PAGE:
Community-based healthcare clinics and hospital outreach services have the potential to expand coronavirus disease 2019 (COVID-19) diagnostics to rural areas. However, reduced specimen stability during extended transport, the absence of cold chain to centralized laboratories, and biosafety concerns surrounding specimen handling has limited this expansion. In the following study, we evaluated eNAT (Copan Italia, Brescia, Italy) as an alternative transport system to address the biosafety and stability challenges associated with expanding COVID-19 diagnostics to rural and remote regions. In this study, we demonstrated that high titer severe acute respiratory virus syndrome coronavirus 2 (SARS-CoV-2) lysate placed into eNAT medium cannot be propagated in cell culture, supporting viral inactivation. To account for off-site testing in these settings, we assessed the stability of contrived nasopharyngeal (NP) specimens stored for up to 14 days in various transport medium (eNAT, eSwab, viral transport media [VTM], saline and phosphate-buffered saline [PBS]) at 4°C, 22-25°C, and 35°C. Molecular detection of SARS-CoV-2 was unaffected by sample storage temperature over the 2 weeks when stored in eNAT or PBS (change in cycle threshold [ΔCT ] ≤ 1). In contrast, variable stability was observed across test conditions for other transport media. As eNAT can inactivate SARS-CoV-2, it may support COVID-19 diagnostics at the point-of-care (POC). Evaluation of compatibility of eNAT with Cepheid Xpert Xpress SARS-CoV-2 assay demonstrated equivalent diagnostic accuracy and sensitivity compared to VTM. Taken together, these findings suggest that the implementation of eNAT as a collection device has the potential to expand COVID-19 testing to areas with limited healthcare access.
    • The Impact of Same-Day Antiretroviral Therapy Initiation under the WHO Treat-All Policy.

      Kerschberger, B; Boulle, A; Kuwengwa, R; Ciglenecki, I; Schomaker, M (Oxford University Press, 2021-02-12)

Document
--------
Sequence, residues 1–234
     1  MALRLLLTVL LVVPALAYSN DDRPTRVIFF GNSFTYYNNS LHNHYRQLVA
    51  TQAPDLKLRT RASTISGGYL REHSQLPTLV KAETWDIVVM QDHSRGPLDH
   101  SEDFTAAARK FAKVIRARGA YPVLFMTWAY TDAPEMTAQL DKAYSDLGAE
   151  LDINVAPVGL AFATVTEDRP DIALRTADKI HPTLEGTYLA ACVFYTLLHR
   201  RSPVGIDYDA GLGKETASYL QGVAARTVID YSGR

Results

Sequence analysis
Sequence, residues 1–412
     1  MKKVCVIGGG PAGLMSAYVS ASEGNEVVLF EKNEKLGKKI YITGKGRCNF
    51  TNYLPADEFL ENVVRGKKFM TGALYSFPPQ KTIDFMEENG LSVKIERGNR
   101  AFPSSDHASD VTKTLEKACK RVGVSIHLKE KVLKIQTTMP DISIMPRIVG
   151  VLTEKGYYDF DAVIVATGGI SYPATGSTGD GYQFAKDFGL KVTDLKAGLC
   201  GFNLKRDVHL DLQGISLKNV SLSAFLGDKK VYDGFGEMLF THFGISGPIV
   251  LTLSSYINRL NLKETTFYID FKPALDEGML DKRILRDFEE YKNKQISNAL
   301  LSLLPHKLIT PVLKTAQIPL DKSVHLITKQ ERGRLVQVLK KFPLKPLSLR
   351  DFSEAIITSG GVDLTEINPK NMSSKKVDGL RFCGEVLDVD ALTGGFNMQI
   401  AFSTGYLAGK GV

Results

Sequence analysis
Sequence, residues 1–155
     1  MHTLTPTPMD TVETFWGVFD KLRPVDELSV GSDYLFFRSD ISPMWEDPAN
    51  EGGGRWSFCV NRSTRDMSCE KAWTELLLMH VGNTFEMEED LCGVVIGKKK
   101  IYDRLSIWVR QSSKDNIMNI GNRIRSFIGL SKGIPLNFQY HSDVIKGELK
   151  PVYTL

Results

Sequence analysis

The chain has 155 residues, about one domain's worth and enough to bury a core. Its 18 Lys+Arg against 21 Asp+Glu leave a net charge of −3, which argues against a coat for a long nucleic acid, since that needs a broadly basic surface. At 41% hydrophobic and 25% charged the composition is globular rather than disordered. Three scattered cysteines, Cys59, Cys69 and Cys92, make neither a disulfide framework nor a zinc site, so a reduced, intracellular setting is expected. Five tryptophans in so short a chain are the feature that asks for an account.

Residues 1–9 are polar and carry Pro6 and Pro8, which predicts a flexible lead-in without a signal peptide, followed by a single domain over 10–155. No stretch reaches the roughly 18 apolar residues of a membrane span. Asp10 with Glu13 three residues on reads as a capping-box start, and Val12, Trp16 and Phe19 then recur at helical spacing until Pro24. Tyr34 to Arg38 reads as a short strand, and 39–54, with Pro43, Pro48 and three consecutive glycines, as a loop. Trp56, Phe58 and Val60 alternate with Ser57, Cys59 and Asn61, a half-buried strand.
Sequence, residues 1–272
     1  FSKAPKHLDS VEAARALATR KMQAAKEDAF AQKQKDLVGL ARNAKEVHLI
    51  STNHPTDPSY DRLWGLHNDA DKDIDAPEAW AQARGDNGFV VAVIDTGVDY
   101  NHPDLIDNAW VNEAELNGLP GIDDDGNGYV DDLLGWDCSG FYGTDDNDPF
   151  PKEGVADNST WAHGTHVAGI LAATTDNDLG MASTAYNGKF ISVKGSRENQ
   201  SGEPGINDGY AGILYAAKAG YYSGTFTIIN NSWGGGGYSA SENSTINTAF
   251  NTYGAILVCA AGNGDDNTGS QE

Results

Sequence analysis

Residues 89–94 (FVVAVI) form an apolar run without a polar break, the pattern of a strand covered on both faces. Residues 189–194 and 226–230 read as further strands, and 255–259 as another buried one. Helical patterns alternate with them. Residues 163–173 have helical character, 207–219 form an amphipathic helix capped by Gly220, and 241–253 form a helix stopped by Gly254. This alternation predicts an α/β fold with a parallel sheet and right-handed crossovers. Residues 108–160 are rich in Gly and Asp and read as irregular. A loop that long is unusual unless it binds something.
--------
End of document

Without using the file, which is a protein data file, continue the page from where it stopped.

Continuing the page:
Rapid initiation of antiretroviral therapy (ART) is recommended for people living with HIV, with the option to start treatment on the day of diagnosis (same-day-ART). However, the effect of same-day-ART remains unknown in realistic public sector settings. We established a cohort of ≥16-year-old patients who initiated first-line ART under Treat-All in Nhlangano (Eswatini) between 2014-2016, either on the day of HIV care enrolment (same-day-ART) or 1–14 days thereafter (early-ART). Directed acyclic graphs, flexible parametric survival analysis and targeted maximum likelihood estimation (TMLE) were used to estimate the effect of same-day-ART initiation on the composite unfavourable treatment outcome (loss to follow-up;death;viral failure). Of 1328 patients, 839 (63.2%) initiated same-day ART. The adjusted hazard ratio of the unfavourable outcome was increased by 1.48 (95% CI:1.16–1.89) for same-day-ART compared with early-ART. TMLE suggested that after 1 year, 28.9% of patients would experience the unfavourable outcome under same-day-ART compared with 21.2% under early-ART (difference: 7.7%; 1.3–14.1%). This estimate was driven by loss to follow-up and varied over time, with a higher hazard during the first year after HIV care enrolment and a similar hazard thereafter. We found an increased risk with same-day-ART. A limitation was possible silent transfers that were not captured.